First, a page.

The bottom line is planting a pollinator pack is a simple act that can have a big impact.  All of our simple acts can add up to be a great benefit in the end.  As Farmer Richard always says…. “I can’t change the world, but I can change my little corner of the world.

Here are pictures and descriptions of the different plants we included in the Pollinator Packs.  All of the plants we selected are native species grown from seed we purchased from Prairie Moon Nursery. These are some of the varieties that have done the best for us on our farm and have been very attractive to birds, bees and butterflies.  Each pack may vary a bit and may not include all of the plant varieties.


ANISE HYSSOP (Agastache foeniculum):  Grows to an average height of 3’ and produces long purple flowers from June through September.  It self-seeds readily and will often bloom in the first year.  You’ll be amazed at how many critters are attracted to this plant!  Best in areas with full sun or partially shaded.



WILD BERGAMOT (Monarda fistulosa):  Grows to an average height of 4’ and produces purple blossoms from July through September.  Best in areas with full sun or partially shaded.



LANCE-LEAF COREOPSIS (Coreopsis lanceolate):  Grows to an average height of 2’ and produces bright yellow, daisy-like flowers from May-August.  This flower is easy to grow and can form a large colony in a short period of time.  Best in full sun.





PURPLE CONEFLOWER (Echinacea purpurea):  Grows to an average height of 4’ and produces golden red to purple flowers July through September.  Will attract bees and butterflies.  Best in areas with full sun or partially shaded.




SWEET BLACK-EYED SUSAN (Rudebeckia subtomentosa):  Grows to an average height of 5’ and produces profuse, anise-scented yellow flowers from August through October.  Best in areas with full sun or partially shaded.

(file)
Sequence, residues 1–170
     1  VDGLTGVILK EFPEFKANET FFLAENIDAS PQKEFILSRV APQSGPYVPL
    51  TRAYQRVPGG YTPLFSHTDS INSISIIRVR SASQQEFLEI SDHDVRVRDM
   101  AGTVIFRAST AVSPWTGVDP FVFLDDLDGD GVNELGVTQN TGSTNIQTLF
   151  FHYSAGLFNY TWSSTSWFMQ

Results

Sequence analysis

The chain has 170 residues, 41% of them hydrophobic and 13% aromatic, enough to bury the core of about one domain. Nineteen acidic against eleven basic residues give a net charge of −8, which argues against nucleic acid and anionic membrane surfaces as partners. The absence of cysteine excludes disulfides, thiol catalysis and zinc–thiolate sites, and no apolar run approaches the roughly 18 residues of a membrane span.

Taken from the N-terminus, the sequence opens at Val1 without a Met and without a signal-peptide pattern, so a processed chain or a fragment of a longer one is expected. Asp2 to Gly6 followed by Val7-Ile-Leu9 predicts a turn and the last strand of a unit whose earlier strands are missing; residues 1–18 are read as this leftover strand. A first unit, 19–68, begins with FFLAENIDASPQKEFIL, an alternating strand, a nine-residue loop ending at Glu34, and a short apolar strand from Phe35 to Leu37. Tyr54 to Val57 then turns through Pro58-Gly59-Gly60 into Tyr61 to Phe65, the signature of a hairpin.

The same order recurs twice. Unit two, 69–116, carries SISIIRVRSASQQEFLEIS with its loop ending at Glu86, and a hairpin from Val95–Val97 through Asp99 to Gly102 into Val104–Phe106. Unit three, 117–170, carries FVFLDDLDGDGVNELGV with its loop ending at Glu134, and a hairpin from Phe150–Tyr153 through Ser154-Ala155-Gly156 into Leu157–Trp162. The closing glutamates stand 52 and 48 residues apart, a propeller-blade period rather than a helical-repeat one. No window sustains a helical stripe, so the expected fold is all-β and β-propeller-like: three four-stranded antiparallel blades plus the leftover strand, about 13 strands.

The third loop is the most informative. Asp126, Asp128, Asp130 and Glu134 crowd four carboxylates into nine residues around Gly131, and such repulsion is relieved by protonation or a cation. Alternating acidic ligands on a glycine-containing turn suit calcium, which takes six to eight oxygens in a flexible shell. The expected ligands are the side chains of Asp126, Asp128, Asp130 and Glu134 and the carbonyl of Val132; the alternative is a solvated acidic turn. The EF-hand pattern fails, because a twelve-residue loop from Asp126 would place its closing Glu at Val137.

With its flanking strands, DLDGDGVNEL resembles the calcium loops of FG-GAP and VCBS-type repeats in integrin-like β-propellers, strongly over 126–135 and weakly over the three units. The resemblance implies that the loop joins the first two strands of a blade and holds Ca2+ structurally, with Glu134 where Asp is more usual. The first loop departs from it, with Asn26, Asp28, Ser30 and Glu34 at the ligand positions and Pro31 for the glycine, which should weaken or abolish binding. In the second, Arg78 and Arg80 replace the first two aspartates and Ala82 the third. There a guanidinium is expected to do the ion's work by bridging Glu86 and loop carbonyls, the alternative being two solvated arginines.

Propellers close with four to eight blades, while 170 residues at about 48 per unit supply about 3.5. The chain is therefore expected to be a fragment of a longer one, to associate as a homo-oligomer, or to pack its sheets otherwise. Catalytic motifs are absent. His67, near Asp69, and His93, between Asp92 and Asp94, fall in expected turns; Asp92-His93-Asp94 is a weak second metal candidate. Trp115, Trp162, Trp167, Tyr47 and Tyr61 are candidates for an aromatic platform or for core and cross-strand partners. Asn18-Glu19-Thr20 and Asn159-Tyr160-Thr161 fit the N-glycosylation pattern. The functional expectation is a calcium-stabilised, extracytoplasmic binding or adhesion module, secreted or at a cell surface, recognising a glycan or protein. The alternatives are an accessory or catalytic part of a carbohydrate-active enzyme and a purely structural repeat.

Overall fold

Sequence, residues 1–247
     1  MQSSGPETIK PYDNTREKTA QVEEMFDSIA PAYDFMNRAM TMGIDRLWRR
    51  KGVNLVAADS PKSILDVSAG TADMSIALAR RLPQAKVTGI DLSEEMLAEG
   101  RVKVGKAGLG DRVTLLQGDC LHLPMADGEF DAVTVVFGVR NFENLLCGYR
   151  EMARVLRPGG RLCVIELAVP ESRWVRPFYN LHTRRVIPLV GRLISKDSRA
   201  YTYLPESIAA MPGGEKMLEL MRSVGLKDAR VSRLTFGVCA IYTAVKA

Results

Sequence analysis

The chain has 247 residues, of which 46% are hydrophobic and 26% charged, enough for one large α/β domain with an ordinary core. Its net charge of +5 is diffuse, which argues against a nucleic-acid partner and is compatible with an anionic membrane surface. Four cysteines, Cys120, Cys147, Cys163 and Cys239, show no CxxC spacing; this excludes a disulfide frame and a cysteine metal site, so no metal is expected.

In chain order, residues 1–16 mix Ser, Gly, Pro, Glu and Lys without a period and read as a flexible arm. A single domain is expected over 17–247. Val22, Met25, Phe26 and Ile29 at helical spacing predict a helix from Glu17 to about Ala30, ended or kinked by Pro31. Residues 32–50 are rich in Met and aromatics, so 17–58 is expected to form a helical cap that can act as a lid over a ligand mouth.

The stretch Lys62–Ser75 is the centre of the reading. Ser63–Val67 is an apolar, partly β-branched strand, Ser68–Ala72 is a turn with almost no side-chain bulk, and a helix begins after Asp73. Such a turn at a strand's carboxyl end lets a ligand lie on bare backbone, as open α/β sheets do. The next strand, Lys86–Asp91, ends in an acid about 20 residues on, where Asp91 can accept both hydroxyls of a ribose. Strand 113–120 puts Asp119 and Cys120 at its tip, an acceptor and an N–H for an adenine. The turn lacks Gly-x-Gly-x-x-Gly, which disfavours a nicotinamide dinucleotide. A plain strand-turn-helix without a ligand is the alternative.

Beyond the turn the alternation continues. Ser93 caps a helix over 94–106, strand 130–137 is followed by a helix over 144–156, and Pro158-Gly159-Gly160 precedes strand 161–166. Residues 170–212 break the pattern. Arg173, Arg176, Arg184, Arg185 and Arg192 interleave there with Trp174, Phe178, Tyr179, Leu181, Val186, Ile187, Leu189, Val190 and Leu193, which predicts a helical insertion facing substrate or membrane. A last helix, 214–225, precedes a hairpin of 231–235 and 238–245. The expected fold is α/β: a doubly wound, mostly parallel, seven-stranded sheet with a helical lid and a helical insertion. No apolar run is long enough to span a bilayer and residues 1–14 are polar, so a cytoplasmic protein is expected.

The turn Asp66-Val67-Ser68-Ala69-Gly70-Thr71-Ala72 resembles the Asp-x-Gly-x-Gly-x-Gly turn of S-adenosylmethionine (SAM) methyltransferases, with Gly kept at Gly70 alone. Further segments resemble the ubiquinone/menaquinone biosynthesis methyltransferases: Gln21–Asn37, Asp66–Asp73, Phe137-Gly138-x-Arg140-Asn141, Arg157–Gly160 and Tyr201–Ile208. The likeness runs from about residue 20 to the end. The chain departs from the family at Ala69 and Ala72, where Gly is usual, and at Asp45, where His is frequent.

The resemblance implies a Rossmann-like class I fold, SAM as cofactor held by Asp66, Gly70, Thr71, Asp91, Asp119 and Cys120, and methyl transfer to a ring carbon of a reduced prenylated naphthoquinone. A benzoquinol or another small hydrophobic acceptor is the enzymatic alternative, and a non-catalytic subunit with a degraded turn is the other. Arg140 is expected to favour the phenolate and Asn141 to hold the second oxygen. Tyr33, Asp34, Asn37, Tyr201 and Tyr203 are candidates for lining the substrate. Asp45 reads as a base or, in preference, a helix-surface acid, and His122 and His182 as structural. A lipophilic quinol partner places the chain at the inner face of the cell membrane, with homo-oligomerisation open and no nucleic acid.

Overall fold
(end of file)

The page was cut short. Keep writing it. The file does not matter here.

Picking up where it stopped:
BUTTERFLY WEED (Asclepias tuberosa):  Grows to an average height of 2’ and produces orange blossoms from June through August.  Best in areas with full sun or partially shaded.



LITTLE BLUE STEM (Schizachyrium scoparium):  Grows to an average height of 3’ and develops a blue hue in summer and coppery-pink color after the first frost.  Does well in medium-dry gardens.

PURPLE LOVE GRASS (Eragrostis spectabilis):  Grows to an average height of 2’ and develops seedheads which bloom July through September in shades of light to bright purple.  Does well in a dry location.

We hope you have fun with this project and enjoy the experience of planting and caring for these special plants.  We’d like to do  a follow-up story next year to report on all of the successful pollinator gardens you have created. Let us know how things are going and send your pictures our way!


5 comments:

Pamela S said...

Love this! I think I have them identified correctly. :-)

Jocey said...

I can't wait! We already have some milkweed and lavender (a cold-tolerant type) planted in our yard and I'm excited to add these.

LLSchwartz said...

Will any of these plants be difficult to control once planted?

Scott Mays said...

Was very excited to get my pollinator packs today and had the spot in the yard waiting for the plants. Agree that it was a little hard to identify each plant (some were varying states of maturity) and the really young ones were tough to pull out of the plastic packs without damaging them. Optimistic they will do well and help our pollinators. Thanks Harmony Valley!

Unknown said...

Love this. Thank you.